Boris Johnson’s father asked if son is a ‘liar’ - before he repeats £350m lie himself

Boris Johnson's father Stanley Johnson appears on ITV's Good Morning Britain. Photograph: GMB/ITV.

Boris Johnson's father Stanley Johnson appears on ITV's Good Morning Britain. Photograph: GMB/ITV. - Credit: Archant

Stanley Johnson has bluntly been asked about his son's ability to lie, shortly before he too repeated one of Boris Johnson's lies.

Appearing on Good Morning Britain to discuss climate change, attention soon turned to his son.

He said: "I think he is getting on absolutely fine, everything is going completely smoothly."

Johnson had been branded "the father of lies" in the Supreme Court for the reasons he suspended parliament.

Presenter Kate Garraway asked "is your son a liar?"

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But defending his son, Stanley Johnson insisted: "It goes with the territory; you're going to get words thrown at you.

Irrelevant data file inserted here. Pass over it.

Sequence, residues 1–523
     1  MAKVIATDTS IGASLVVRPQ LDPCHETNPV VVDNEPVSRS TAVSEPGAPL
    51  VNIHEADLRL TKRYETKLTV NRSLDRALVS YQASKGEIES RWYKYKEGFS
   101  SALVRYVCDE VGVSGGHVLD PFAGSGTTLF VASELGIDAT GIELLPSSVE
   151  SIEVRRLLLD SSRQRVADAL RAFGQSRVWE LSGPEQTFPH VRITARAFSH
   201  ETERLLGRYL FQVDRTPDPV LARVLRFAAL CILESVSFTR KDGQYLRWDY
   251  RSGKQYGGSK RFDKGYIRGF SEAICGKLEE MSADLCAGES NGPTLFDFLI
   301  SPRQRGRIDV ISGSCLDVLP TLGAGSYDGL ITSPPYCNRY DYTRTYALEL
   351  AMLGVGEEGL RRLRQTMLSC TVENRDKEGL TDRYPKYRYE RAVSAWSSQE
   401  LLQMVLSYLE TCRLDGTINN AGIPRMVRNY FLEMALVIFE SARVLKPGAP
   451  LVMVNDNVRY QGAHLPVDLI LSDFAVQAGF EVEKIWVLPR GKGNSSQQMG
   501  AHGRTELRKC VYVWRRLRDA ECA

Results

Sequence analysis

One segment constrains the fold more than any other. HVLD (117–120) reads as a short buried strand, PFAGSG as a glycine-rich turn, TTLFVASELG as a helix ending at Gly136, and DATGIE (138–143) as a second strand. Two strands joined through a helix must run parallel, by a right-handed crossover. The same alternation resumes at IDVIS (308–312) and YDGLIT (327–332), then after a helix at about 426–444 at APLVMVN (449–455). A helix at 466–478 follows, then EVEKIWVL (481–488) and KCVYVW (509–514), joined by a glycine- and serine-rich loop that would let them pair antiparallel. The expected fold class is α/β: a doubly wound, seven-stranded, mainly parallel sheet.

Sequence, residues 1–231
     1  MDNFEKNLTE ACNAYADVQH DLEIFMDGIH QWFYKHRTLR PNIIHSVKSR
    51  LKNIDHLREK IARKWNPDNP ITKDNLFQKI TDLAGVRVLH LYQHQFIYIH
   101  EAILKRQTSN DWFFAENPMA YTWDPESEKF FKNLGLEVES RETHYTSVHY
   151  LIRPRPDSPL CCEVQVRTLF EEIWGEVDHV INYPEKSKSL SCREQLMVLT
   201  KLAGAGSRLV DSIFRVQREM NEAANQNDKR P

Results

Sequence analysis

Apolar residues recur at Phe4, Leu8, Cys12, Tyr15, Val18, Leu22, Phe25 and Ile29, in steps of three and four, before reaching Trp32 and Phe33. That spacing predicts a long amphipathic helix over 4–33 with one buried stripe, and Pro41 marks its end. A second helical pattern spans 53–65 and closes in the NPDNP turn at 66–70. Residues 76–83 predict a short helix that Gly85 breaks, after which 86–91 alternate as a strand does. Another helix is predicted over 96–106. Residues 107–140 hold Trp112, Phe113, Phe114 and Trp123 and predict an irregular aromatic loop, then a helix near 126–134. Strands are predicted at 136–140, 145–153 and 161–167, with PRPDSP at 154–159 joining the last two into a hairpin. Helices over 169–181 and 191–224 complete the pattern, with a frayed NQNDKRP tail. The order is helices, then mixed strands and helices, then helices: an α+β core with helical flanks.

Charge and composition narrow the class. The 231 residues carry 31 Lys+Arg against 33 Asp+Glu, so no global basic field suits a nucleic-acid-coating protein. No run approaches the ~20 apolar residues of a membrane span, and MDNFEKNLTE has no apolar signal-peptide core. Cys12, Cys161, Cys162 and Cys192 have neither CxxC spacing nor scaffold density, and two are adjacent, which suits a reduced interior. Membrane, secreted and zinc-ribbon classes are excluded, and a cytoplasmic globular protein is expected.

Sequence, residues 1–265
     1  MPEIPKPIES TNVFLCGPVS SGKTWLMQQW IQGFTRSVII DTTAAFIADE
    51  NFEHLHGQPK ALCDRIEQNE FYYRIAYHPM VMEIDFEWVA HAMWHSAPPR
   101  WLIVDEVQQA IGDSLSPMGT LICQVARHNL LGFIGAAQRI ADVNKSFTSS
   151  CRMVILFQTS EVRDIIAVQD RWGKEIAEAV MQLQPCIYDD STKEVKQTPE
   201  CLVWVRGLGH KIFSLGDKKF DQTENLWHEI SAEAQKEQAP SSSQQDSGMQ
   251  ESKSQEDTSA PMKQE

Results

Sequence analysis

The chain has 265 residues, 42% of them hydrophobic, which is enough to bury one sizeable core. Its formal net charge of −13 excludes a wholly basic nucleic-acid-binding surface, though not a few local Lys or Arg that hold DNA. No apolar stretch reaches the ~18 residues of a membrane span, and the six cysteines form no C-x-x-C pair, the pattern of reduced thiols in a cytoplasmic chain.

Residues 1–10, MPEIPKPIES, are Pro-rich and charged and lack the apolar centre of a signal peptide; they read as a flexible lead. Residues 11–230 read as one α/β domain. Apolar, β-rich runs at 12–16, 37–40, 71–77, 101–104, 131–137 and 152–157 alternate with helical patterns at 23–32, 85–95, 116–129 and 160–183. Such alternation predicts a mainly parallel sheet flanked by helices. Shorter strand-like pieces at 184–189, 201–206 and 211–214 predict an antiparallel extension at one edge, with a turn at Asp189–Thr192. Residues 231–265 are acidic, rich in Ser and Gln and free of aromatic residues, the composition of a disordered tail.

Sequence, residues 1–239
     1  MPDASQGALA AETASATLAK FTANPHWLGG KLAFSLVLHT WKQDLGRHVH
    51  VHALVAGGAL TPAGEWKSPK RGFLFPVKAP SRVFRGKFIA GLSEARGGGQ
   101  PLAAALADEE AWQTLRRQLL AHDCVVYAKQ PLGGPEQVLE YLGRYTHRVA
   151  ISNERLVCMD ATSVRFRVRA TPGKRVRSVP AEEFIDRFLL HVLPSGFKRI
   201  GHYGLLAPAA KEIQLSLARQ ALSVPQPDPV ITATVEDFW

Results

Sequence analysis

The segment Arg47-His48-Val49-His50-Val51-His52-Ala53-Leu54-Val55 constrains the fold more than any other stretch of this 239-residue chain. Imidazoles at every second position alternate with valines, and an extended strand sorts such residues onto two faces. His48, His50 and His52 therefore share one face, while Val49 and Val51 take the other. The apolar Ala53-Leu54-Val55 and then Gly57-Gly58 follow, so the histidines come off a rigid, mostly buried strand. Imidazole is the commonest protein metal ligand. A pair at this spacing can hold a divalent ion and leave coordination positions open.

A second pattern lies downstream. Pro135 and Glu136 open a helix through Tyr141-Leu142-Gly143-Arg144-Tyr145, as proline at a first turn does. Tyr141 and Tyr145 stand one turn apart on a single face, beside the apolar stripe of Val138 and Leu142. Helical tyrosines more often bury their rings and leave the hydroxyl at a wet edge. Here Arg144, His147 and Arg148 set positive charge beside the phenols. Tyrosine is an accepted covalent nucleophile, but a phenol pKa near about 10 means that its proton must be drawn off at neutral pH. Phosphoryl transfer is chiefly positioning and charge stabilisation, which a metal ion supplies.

"And my point here is, people throw words far too lightly. They shouldn't use those words."

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Garraway asked again: "Does your son tell the truth?"

But in a line worthy of Trump, Johnson responded: "We all tell the truth as we see the truth."

He continued: "I think Boris does that and the truth for example is he is doing his very best to get Brexit done.

"He has I think had quite a lot of interference in this exercise and the whole people here reckon he is doing his very, very best."

Johnson also addressed the angry parent that approached his son during a visit to an East London hospital.

In arguing how he would have dealt with the angry parent, he repeated the £350 million lie, which even Boris Johnson appears to now downplay.

"He might have said though he didn't that if you'd got Brexit dealt with you'd have another 350 million a week for the NHS."

Presenter Ben Shepherd pointed out: "He might have said that, but we know that isn't necessarily the case, is it?"

The claim that we send £350 million to the EU each week was an argument that could have seen Boris Johnson taken to court, but a judge threw the argument out, as it believed it was not the court's job to decide political matters.

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